Easter Reality

IMG_1209I’m not sure why, but I was really looking forward to Easter this year.  I bought a bunch of Easter cards and sent them out to various friends and family, filled several candy dishes with chocolate eggs and other colorful candies, and even broke out my “Easter ornament tree” much earlier than I usually do.  I told my extended family that I wanted to have the after-church Easter brunch at my house this year, and looked up a few new recipes to serve. Maybe it’s the early spring we are enjoying, since it means we have flowers and beautiful budding trees everywhere I look, but in the past few weeks, I have been more than ready for a fun and festive Easter celebration.

But life doesn’t always go according to plan.  Two days ago, we got the very sad news that my son-in-law’s father passed away after a long and valiant battle against cancer.  He was a hardworking, smart and extremely kind man who was devoted to his wife and family, and his passing has left a huge hole in the lives of the many people who loved him. And somehow, celebrating anything, including Easter, didn’t seem so appropriate anymore.

Of course I knew that dispensing with my usual Easter traditions wasn’t going to lessen anyone’s grief, so I stuck with my normal routine.  I still invited my mother over to dye eggs on Easter Saturday; I still put together the usual Easter baskets for my immediate family, and I am still hosting Easter brunch, with the understanding that it is perfectly okay for my daughter and son-in-law to skip it this year.  But in many ways, it feels like nothing more than just going through the motions.

So this Easter, I am honoring the holiday mostly by remembering what a fragile gift life is, how important it is to spend time with our loved ones while we still can, and how necessary it is to reach out and support one another in our times of suffering and great personal loss.  This year, I am just concentrating on what, for me, is Easter’s true message of hope in in the midst of despair, and the enduring and ultimate power of love.

33 thoughts on “Easter Reality

  1. So sorry for your loss Ann. Our week was one of ups and downs too. Funeral, birth, Easter. I hope you found some moments to cherish as that is what we must do. Sending hugs.

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  2. In the course of a day I sometimes wonder how many of the people I walk past or speak to are either grieving or deeply worried. Because I don’t know, I try to be gentle with them all. We need kindness, we need each other, more than we realize.

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  3. I’m so sorry for your family’s loss, Ann. Death is always difficult , especially around a holiday. I think you did the right thing by going through the motions. Irs what I would have done but everyone feels differently. I believe life goes on, as difficult as it may be. The next holiday or special day isn’t guaranteed to anyone. We should celebrate each one as if it’s our last, always remembering those we shared them with. God rest his soul. Prayers for your family.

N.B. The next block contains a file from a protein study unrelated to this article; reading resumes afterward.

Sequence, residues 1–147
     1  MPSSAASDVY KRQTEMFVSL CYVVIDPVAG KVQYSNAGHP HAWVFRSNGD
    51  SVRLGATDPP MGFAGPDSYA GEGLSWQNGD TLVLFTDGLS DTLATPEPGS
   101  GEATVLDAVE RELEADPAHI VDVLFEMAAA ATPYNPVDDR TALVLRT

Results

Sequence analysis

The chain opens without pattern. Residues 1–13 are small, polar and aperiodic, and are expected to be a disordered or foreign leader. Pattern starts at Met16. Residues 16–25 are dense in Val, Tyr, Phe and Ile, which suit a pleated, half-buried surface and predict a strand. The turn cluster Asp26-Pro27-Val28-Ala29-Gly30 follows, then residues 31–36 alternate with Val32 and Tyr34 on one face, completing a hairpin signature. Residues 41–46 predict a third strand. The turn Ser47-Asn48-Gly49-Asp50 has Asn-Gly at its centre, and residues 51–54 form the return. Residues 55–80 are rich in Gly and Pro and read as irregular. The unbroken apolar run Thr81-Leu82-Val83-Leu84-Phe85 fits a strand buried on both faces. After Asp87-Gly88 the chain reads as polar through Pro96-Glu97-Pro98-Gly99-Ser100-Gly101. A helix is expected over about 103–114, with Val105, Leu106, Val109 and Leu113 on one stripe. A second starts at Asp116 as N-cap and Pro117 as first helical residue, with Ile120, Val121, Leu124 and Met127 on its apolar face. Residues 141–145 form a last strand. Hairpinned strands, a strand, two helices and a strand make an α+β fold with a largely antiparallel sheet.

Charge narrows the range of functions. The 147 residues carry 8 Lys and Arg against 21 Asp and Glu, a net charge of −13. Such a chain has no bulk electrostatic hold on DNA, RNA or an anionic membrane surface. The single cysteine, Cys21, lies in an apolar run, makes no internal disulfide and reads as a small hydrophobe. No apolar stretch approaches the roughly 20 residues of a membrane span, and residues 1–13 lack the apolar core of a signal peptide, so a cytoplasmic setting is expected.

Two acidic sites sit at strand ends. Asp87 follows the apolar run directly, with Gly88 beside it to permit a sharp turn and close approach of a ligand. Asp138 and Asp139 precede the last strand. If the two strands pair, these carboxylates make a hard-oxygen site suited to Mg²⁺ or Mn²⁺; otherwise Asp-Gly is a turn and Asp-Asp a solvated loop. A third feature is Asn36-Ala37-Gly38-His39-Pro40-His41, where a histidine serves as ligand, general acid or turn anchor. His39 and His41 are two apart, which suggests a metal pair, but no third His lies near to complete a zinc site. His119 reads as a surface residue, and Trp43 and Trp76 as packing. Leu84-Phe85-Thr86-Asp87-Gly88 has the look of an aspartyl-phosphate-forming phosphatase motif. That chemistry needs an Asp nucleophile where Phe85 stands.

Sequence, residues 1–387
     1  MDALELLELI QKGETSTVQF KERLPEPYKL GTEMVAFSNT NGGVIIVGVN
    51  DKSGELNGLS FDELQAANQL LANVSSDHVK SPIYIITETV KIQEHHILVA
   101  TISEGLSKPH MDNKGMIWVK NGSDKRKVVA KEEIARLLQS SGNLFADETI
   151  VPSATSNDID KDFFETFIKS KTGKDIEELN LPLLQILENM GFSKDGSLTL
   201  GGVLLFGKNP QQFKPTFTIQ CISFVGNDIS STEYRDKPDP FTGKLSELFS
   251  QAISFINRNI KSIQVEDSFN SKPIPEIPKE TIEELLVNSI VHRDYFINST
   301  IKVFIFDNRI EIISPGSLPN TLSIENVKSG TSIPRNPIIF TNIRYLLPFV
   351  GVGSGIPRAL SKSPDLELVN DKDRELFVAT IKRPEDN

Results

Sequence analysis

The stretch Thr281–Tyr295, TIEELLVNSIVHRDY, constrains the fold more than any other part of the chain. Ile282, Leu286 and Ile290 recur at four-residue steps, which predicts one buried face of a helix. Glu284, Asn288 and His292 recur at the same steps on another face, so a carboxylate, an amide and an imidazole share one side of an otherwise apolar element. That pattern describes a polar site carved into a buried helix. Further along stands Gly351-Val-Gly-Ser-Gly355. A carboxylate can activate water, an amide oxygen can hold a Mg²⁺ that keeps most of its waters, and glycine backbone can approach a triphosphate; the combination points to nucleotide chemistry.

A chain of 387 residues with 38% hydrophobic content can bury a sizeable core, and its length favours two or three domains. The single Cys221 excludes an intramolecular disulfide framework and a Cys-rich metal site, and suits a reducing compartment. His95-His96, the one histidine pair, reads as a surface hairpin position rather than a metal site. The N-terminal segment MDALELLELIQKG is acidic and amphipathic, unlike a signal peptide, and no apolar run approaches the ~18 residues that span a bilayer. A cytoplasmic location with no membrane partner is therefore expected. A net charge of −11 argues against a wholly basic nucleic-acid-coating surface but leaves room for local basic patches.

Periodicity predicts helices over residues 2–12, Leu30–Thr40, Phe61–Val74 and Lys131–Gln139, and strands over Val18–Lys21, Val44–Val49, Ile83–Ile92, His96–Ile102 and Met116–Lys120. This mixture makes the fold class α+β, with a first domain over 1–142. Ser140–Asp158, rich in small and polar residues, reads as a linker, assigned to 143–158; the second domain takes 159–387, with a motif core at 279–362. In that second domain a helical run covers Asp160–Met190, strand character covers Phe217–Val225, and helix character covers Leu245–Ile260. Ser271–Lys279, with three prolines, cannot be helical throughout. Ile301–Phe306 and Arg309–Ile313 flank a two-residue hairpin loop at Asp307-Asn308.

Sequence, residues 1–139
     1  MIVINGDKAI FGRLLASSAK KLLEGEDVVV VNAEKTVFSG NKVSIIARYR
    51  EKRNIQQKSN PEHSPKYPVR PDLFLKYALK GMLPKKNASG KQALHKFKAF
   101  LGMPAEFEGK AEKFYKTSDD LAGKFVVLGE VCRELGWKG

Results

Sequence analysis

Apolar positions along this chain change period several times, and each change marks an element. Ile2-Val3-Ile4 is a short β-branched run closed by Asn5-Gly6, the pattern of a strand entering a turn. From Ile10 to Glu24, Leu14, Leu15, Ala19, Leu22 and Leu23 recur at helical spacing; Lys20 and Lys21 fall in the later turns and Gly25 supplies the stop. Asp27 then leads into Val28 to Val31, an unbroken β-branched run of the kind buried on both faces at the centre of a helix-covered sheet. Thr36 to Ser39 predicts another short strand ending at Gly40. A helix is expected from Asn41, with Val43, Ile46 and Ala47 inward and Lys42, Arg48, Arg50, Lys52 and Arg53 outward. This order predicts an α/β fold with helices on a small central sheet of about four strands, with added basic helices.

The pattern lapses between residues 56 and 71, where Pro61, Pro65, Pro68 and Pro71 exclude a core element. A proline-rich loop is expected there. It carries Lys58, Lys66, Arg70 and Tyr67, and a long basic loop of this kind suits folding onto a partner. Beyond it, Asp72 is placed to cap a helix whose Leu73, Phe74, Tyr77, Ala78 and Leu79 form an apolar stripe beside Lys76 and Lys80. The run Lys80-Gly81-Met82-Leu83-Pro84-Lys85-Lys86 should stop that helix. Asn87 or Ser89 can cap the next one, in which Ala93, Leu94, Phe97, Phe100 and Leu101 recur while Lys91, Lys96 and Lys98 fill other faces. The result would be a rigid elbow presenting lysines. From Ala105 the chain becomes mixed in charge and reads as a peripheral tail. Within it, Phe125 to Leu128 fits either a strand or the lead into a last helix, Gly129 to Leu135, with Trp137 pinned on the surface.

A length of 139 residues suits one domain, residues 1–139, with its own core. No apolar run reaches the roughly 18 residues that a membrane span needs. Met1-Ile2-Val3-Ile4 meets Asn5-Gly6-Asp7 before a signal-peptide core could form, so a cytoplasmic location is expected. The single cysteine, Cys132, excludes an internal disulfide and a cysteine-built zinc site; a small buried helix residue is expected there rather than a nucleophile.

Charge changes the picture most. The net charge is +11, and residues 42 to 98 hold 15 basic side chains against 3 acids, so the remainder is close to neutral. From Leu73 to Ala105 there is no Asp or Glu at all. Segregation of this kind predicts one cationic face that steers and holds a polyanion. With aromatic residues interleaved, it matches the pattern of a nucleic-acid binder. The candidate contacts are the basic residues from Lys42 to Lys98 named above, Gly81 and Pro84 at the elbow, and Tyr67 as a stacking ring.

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  4. Ann, I’m so very sorry for your family’s loss. You were right, there was no point in canceling your Easter plans. I hope you had a very Blessed Easter.

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  5. I’d like to extend my condolences. I also think that you did the right thing to continue on and go through the motions with the Easter gathering. I like how you described Easter’s true message of hope.

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  6. I was terribly sorry to hear about your son-in-law’s father. I understand your feelings about continuing with Easter, though. When my wife’s mother passed away, Christmas and New Year felt empty and half-hearted for a long time afterwards. Despite that, we still went ahead with our family gatherings. What else could we do? There really was no alternative but to go on with life, no matter how sad we felt.

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  7. I am just reading this tonight. I am so sorry to hear of your family’s loss. I think continuing with your plans was a good thing. Celebrating with family is honoring the circle and constant that is family. I think it was a good way to honor your son-in-law’s father, though I certainly understand the “going through the motions” feeling that you had at the time. I hope all were able to find comfort in each others company.

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    • Thank you! It did help to be together early in the day, and my son-in-law’s family all gathered in his father’s honor that afternoon. It was what he would have wanted, and that was a comfort.

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